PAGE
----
Late last week, DARPA released the final rules document for the DRC Finals. This document includes the list of tasks that robots will have to compete to score points, and we’ll take you through the details that are available of all eight of them.
For the DRC Trials in 2013, DARPA released an enormously long document describing every single minute detail of each task, from the precise orientation of the cinder blocks on the terrain task to the force required to turn each valve in the valve task.
We were expecting something similar for the DRC Finals, with the exception of the “surprise” task, but it’s looking like DARPA has decided to not provide anywhere close to the level of detail that allowed some teams (like SCHAFT) to complete most tasks on their own, ahead of time. Instead, all that we have so far is a brief description of each task, and here they are, in their entirety. Seriously, entirety.
- Drive the vehicle (same vehicle type as in Trials)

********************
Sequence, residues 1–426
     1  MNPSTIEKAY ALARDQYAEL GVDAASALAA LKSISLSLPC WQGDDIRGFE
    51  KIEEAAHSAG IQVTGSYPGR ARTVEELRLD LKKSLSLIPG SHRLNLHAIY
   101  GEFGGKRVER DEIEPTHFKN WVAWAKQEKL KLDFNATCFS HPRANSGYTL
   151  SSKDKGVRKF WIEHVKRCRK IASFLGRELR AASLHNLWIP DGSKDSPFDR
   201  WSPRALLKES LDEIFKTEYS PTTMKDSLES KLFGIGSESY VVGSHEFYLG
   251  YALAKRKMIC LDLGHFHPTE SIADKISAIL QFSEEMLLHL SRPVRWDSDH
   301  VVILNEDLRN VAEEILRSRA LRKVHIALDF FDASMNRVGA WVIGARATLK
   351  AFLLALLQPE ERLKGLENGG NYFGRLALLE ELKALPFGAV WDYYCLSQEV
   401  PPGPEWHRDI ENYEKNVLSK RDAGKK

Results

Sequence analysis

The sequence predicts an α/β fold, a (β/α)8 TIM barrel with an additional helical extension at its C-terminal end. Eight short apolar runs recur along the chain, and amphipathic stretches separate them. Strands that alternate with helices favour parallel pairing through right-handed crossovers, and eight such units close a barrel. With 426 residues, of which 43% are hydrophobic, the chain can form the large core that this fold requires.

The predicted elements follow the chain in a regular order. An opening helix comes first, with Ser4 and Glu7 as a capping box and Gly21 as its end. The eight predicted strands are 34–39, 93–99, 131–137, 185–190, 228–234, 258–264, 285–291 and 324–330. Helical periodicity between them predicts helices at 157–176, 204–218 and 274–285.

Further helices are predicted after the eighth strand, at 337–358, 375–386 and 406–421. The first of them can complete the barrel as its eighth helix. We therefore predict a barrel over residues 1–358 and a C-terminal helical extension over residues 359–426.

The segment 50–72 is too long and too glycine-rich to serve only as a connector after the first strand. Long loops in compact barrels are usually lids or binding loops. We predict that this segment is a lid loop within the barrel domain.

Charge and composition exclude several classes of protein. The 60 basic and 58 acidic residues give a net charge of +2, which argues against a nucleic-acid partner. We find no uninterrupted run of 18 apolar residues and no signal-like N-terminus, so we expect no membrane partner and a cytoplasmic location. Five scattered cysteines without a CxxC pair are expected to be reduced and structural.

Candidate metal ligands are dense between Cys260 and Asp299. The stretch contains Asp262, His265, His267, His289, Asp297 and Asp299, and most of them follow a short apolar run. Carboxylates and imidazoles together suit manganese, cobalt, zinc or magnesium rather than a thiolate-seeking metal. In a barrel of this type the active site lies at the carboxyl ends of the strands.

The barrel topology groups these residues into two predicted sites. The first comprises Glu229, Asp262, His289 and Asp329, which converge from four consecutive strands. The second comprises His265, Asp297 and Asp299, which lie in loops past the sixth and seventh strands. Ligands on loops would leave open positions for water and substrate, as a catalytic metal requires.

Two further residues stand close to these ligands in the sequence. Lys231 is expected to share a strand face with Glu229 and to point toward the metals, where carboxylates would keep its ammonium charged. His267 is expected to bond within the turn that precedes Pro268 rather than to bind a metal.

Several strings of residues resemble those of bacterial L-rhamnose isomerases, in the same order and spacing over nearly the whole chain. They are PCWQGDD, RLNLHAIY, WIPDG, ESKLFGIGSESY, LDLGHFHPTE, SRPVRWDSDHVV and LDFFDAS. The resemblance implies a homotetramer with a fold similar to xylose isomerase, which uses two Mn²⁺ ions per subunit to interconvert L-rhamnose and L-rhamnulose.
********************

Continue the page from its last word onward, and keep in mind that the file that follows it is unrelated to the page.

- Egress from the vehicle (get out of the vehicle)
- Open door and travel through opening. The door will open inward (away from the robot). The door will not include a threshold. Once fully opened, the door is designed to remain open.
- Open valve (similar to one of the three valves in Trials). DARPA will use a circular handle with a diameter between 4 inches (10 cm) and 16 inches (40 cm). The valve opens by counter-clockwise rotation.
- Use a cutting tool to cut a hole in a wall (similar to one of the two tools and the wall in Trials). A circle will be drawn on the wall, approximately 8 inches (20 cm) in diameter. The cutting operation must entirely remove all wall material from the designated circle.
- Surprise manipulation task (not disclosed until Finals). The task will require manipulation and no mobility.
- Traverse rubble - Either cross debris field (by moving the debris or traversing it, similar to Trials) or negotiate irregular terrain (similar to Trials)
- Climb stairs (fewer steps and less steep than in Trials). The stairway has a rail
on the left side and no rail on the right side.
So for example, with the first task, we have no idea how far the robots will have to drive the vehicle, whether they’ll have to avoid obstacles, or anything else. We know that the robots will have to drive a vehicle. That’s it. Same with the rest of the tasks, meaning that the Finals are going to be a total surprise to everybody, and teams won’t have a chance to practice any specifics.